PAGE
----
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Longview ISD trustee draws challenger

By Christina Lane
Feb. 27, 2012 at 10 p.m.


Longview ISD's District III trustee is being opposed by a businessman, who says he believes it's time for a change on the district's school board.

Randy Hufstetler has filed to run against incumbent Chris Mack for the seat on the Longview ISD school board. Mack also has filed for re-election.

"I want to leave it to the voters," Hufstetler said Monday. "I want the voters to have a choice. If they're happy with how things are going, then they can vote for my opponent. If they're up for a change, I'm willing to serve and look forward to it."

Hufstetler has lived in Longview ISD since 1998. Mack was first elected to the board in 1993. Mack was out of town Monday and was not available for comment.

Hufstetler serves as director of employee relations and risk management for LifeShare Blood Centers in Shreveport. His wife, Dana, operates a local business - Encore, a consignment shop - that the couple owns. The couple has a 13-year-old who attends Judson Middle School.

<strong>Bond election</strong>

Hufstetler's reasons for seeking the position date back to the 2008 $267 million bond election that trustees put before voters and that passed by a narrow 12-vote margin.

"I don't disagree that the bond election was needed, and we have got beautiful schools," Hufstetler said. "But a question was raised at the time - what are we doing as far as the educators to hire and retain good, qualified teachers?"

Hufstetler attended a community meeting held, at the time, at Mozelle Johnston. The answer to that question, he said, was that if the district built the new facilities, it would encourage teachers to want to stay in Longview ISD.

"I realize there is a chain of command and the school board does not often deal directly with teachers," he said. "But we need a superintendent in place who is supportive of our teachers and principals."

If elected to the school board, Hufstetler would likely be among the trustees who select a new superintendent. The school board recently rehired James Wilcox, who retired Dec. 31, to serve as an interim superintendent and to aid the school board in its search for a new chief.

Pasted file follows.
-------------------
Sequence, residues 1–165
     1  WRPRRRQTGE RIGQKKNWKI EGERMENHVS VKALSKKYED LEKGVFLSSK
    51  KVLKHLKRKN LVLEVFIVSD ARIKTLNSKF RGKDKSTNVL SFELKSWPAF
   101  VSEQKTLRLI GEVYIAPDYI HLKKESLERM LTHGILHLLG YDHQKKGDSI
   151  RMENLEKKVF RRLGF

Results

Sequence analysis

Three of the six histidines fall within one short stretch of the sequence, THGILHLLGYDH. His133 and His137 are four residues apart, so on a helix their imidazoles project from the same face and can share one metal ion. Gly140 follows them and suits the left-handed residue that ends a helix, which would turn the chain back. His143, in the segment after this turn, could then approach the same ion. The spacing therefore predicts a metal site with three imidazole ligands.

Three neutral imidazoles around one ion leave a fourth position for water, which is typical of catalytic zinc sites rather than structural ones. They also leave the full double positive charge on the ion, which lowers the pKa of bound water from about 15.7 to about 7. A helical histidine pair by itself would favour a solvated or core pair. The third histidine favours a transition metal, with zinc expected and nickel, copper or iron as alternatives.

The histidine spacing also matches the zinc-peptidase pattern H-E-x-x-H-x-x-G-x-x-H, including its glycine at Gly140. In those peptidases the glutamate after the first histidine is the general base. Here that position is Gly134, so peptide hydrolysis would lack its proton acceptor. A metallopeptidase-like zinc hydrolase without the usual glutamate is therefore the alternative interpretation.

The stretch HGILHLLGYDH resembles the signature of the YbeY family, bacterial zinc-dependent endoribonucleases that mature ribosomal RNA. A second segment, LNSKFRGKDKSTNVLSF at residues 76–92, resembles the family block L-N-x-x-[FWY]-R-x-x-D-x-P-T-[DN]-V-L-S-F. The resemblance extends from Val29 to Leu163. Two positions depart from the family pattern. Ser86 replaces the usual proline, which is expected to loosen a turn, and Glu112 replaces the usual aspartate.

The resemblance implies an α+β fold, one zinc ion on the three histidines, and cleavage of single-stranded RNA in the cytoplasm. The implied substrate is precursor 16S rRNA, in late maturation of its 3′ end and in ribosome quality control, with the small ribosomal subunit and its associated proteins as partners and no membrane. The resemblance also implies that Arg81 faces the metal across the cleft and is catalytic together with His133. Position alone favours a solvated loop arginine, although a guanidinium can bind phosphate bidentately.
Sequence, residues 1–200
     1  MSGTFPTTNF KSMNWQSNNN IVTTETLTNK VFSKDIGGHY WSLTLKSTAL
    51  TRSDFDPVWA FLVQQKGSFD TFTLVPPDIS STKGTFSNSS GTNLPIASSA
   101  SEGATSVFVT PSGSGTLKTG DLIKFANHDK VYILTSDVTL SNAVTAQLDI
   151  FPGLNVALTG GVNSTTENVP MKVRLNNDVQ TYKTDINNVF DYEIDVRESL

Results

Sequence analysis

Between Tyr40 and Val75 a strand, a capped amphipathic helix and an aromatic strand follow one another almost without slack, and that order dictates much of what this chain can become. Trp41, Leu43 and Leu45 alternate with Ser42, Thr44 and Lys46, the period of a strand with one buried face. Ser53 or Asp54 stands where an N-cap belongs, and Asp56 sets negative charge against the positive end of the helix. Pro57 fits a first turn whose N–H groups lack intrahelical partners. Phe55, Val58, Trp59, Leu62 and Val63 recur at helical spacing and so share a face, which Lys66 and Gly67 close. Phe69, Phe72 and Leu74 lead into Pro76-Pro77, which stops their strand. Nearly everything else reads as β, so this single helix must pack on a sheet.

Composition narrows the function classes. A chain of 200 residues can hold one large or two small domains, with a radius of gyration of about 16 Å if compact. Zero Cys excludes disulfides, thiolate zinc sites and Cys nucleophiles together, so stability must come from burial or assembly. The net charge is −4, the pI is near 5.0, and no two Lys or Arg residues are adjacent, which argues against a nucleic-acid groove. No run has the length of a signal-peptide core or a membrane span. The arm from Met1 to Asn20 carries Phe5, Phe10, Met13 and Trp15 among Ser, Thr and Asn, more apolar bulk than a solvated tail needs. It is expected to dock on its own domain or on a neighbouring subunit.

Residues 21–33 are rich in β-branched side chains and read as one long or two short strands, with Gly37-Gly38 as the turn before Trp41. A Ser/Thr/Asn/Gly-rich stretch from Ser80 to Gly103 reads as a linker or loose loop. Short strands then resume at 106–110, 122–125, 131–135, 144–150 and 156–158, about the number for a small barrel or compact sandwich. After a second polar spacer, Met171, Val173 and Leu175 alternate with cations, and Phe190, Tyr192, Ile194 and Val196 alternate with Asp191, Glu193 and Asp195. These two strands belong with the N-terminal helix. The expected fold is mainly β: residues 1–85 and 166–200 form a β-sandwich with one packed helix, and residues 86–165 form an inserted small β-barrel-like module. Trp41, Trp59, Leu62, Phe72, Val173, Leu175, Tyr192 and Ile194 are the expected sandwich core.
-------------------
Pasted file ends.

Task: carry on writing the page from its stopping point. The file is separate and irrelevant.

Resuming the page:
Hufstetler said he wants to help trustees select a new superintendent who will stay in Longview ISD long-term.

Another event that prompted Hufstetler to seek the office was the school board's decision to spend another $10 million of bond money on projects to renovate the former Foster Middle School, G.K. Foster and J.L. Everhart schools. Trustees voted 6-1, with John Harrison opposing, to move forward on the project instead of using the money to pay the district's bonds off sooner, "as they promised to do," Hufstetler said.

"That didn't sit well with me and many people in District III, and the school district itself," he said.

The Judson Middle School football stadium renovations and the school district's lack of obtaining a building permit lit a fire in Hufstetler that a change needed to be made on the board. Hufstetler said the trustees who hired the contractor should be the same people held responsible for not getting a permit.

<strong>Experience</strong>

He said he works with budgets on a daily basis and has experience with managing other people.

"I look out for getting the best value for the dollar," he said.

As far as the district's academics, Hufstetler noted that Longview ISD is in the second year of not meeting the federal accountability standard (the Adequate Yearly Progress report) and not meeting it a third year could prompt the state to step in as recently happened in Marshall ISD.

"We don't need that," he said.

Hufstetler said he intends to leave the decision to voters to decide. For him, his focus is on the children and staff in the district.

"It's all about the kids and the educators," he said. "We have to support both the children and our educators."

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